So the WHY is covered. But the HOW….that’s a different story. Although companies’ PD needs have increased, most seem to be pursuing the same traditional methods – and many are getting less bang for their bucks.
According to a recent survey by McKinsey and Co., a global management consulting firm, companies are struggling with the best way to build capabilities. (Institutional capabilities are all skills, processes, tools and systems that an organization uses as a whole to drive meaningful business results. Individual capabilities refer to training, learning or specific skills.)
In the study, companies cited customer demand and strategic importance as the top reasons for building capabilities. McKinsey and Co. says executives most often identify skills in strategy, operations and marketing and sales as most important for business performance, focusing efforts mostly on frontline employees.
Despite recent technological advances and the advent of e-learning, on-the-job training is still the No. 1 vehicle companies use to better their workforces. And while experts have proven that informal or formal coaching is an effective PD tool, only 33 percent of respondents engage in mentorship. And even fewer companies use methods such as experiential learning or digital (mobile exercises or group-based online learning).
“These leading-edge training methods could enable all organizations to replicate or scale up their learning programs quickly and cost-effectively across multiple locations,” the authors wrote. “But currently, companies tend to plan and execute large-scale learning programs with a train-the-trainer approach or with help from external providers to roll out their programs.”
At the same time, executives reported struggling with how to measure the ROI of capabilities building. At least according to the McKinsey and Co. report, companies lack a clear vision for how to link capability building to the overall business. They also indicate a lack of resources for developing programs and implementing efforts. More than half the survey respondents said they’re not sure if their capability-building programs have met their targets – or whether such targets exist.
And so….what does this all mean?
McKinsey and Co. offers some tips:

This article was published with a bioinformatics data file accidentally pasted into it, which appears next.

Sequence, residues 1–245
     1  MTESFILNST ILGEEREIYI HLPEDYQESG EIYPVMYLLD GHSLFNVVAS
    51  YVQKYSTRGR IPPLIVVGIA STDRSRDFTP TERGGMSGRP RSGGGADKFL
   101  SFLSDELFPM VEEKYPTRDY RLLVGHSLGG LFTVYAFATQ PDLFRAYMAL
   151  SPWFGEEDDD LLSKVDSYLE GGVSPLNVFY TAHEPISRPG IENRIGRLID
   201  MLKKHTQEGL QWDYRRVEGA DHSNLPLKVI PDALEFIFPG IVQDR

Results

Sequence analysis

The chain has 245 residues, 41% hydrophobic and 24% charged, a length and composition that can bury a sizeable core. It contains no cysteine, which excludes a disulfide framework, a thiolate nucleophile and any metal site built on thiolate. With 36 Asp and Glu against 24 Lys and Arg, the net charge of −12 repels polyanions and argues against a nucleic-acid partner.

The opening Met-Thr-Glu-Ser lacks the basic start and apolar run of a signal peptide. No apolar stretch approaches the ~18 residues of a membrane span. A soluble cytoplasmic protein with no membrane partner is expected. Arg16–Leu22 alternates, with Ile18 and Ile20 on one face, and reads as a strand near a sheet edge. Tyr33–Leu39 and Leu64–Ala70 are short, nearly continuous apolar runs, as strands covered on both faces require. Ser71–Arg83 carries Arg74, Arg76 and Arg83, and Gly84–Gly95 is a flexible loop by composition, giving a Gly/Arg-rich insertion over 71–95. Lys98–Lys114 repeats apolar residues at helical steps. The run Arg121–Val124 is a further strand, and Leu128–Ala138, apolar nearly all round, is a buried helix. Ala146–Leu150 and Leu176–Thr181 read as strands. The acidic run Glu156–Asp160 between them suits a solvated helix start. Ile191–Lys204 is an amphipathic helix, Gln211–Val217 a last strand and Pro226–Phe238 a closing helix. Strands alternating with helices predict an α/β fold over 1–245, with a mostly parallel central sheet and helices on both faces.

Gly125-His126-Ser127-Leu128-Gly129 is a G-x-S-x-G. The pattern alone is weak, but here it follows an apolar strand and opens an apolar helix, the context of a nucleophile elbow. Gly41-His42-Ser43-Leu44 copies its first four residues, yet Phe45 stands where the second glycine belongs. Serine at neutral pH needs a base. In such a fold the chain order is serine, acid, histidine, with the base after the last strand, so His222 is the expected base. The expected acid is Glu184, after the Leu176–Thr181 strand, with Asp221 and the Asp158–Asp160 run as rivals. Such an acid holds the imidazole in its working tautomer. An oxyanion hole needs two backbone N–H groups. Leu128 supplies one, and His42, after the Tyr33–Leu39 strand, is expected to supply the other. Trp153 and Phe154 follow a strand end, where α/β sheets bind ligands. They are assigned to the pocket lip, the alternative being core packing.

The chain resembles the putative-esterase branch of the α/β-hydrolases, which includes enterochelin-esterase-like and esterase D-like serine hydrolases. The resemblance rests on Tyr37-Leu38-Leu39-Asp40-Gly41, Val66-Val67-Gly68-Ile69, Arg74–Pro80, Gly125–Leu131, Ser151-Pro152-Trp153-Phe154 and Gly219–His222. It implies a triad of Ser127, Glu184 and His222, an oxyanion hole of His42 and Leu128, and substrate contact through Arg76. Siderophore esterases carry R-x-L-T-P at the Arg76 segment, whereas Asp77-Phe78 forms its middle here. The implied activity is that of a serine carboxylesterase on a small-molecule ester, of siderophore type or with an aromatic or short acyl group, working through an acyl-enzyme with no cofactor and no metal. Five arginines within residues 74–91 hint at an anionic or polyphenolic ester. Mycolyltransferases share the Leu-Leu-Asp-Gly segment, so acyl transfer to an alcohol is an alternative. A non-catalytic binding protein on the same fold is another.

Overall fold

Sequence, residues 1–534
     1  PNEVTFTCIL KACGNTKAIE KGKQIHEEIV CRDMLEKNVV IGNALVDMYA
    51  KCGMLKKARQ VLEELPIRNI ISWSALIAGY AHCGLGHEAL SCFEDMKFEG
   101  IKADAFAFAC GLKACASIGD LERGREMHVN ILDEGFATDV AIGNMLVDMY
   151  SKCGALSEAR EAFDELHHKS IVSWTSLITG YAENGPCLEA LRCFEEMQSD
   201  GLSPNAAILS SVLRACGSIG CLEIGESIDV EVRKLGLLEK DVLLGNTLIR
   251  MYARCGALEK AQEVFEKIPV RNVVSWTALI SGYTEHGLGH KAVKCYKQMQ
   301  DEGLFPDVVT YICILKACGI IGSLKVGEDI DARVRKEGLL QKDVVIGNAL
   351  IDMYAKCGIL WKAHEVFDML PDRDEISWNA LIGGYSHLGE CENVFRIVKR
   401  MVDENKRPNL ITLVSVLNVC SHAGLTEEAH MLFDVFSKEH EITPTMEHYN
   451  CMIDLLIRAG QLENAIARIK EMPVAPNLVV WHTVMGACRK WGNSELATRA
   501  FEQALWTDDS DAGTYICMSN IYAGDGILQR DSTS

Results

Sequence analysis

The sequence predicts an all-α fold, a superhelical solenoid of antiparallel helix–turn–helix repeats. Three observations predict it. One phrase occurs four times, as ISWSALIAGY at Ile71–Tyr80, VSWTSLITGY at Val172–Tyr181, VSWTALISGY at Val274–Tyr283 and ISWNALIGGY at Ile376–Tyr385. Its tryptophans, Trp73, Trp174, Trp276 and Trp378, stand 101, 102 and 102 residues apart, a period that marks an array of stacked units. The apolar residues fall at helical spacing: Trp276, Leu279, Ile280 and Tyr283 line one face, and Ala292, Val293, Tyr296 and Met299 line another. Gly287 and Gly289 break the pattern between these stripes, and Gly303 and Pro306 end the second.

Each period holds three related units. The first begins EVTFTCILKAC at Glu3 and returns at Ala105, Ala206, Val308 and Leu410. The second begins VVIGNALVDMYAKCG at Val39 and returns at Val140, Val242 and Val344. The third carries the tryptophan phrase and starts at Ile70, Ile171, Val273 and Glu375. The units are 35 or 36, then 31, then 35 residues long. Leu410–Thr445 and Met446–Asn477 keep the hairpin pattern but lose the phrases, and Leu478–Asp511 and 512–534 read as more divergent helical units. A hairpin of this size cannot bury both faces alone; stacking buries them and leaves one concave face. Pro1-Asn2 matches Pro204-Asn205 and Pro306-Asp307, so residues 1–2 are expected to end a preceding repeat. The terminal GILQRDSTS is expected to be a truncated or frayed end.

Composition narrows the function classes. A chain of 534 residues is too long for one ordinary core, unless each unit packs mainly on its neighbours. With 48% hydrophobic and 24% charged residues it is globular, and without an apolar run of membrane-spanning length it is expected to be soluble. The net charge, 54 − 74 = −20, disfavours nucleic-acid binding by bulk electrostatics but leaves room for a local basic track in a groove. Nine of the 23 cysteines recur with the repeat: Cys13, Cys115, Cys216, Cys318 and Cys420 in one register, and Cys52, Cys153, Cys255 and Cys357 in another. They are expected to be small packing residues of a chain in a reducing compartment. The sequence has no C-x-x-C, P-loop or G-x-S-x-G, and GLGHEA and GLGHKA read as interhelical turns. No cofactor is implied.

- Diagnose systematically. Companies are best able to build strong capabilities when they systematically identify the capabilities, both institutional and individual, that can have the most positive impact on the business. Objective assessments are an important tool in this process — and few respondents say their companies use such assessments now. These diagnostics not only help companies assess their skill gaps relative to industry peers but also help them quantify the potential financial impact of addressing capability gaps.
- Design and deliver learning to address individual needs. The core principles of adult learning require that companies tailor their learning programs to employees’ specific strengths and needs, rather than developing a one-size-fits-all program for everyone. The most effective approach to adult learning is blended — that is, complementing in-class learning with real work situations and other interventions, such as coaching.
- Align with and link to business performance. To be effective and sustainable, capability building can’t happen in a vacuum. Learning objectives must align with strategic business interests, and, ideally, capability building should be a strategic priority in and of itself. Making human resources functions and individual business units co-owners of skill-building responsibilities and then integrating learning results into performance management are effective steps toward achieving this alignment.
What do you think? Have your PD efforts led to better company and/or individual performance?